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Trump's ASEAN Summit Handshake May Be His Most Ridiculous Yet

Trump's ASEAN Summit Handshake May Be His Most Ridiculous YetPresident Donald Trump was thrown off by a handshake intended to kick off an international conference in the Philippines on Monday.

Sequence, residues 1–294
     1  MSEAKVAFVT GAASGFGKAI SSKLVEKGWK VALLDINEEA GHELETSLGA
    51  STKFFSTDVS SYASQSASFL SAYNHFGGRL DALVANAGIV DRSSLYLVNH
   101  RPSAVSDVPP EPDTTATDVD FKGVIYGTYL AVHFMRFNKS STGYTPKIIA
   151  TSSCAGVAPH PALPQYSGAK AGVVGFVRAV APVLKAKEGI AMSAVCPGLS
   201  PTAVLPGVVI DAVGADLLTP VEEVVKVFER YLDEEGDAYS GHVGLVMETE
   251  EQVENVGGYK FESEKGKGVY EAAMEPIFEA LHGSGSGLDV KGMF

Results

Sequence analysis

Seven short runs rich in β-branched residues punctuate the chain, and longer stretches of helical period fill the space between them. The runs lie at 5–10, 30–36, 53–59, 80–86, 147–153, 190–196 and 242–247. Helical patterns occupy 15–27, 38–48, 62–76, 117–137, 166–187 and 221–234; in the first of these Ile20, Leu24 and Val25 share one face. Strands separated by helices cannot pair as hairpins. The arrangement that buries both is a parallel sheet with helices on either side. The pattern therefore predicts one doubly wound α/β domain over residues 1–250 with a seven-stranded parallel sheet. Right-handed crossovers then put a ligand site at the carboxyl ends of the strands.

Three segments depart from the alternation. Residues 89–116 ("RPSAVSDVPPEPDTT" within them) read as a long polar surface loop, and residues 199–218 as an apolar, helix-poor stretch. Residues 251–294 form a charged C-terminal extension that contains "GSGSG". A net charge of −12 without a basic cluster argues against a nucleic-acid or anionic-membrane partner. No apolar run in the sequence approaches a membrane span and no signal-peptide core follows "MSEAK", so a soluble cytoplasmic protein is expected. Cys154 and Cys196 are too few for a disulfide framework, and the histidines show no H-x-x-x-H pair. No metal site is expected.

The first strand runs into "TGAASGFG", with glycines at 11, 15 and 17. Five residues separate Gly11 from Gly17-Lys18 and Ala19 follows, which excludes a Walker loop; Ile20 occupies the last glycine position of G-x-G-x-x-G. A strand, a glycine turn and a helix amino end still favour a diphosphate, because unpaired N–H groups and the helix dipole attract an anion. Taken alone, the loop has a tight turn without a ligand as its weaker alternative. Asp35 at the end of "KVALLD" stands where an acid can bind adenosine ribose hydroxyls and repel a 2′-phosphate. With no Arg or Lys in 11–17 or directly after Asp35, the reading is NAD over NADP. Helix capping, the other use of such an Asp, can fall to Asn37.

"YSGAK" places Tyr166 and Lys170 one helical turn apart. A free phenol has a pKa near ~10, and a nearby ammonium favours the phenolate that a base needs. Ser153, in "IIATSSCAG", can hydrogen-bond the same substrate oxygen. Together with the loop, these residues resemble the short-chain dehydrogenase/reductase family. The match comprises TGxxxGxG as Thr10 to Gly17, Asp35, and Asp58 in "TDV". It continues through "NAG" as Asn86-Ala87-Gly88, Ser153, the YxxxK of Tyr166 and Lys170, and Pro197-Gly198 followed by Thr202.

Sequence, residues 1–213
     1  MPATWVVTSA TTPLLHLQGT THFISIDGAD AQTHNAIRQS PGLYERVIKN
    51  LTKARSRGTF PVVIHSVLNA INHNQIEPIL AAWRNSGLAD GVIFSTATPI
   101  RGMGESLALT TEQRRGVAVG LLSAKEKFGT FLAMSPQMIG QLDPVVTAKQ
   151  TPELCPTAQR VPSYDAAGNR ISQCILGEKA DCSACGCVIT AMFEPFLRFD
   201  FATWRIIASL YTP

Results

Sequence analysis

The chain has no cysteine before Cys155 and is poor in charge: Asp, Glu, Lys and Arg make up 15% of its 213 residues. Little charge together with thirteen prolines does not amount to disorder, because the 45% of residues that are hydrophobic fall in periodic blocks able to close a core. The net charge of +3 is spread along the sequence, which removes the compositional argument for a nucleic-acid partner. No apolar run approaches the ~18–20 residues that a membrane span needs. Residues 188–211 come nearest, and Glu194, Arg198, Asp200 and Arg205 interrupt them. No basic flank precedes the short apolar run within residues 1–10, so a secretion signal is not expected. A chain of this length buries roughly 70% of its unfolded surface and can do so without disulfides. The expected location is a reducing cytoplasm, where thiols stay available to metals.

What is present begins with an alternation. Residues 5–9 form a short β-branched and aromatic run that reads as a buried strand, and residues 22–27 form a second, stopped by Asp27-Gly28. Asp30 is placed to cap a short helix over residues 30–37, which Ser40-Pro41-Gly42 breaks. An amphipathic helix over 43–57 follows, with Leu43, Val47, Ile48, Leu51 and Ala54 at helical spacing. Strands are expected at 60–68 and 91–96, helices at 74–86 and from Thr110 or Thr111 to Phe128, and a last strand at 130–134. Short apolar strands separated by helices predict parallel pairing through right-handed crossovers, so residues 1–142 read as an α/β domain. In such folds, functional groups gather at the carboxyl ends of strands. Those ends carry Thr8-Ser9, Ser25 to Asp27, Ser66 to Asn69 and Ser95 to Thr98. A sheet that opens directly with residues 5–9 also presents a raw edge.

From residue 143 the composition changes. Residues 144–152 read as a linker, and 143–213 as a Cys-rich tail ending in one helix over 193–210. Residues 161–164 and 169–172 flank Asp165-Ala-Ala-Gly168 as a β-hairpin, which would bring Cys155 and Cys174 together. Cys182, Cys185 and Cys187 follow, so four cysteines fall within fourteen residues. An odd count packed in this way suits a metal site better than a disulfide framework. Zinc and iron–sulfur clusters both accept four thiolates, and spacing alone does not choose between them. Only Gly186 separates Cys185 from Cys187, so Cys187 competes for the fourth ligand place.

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North Korean soldier shot as he makes rare defection across one of world's most heavily guarded borders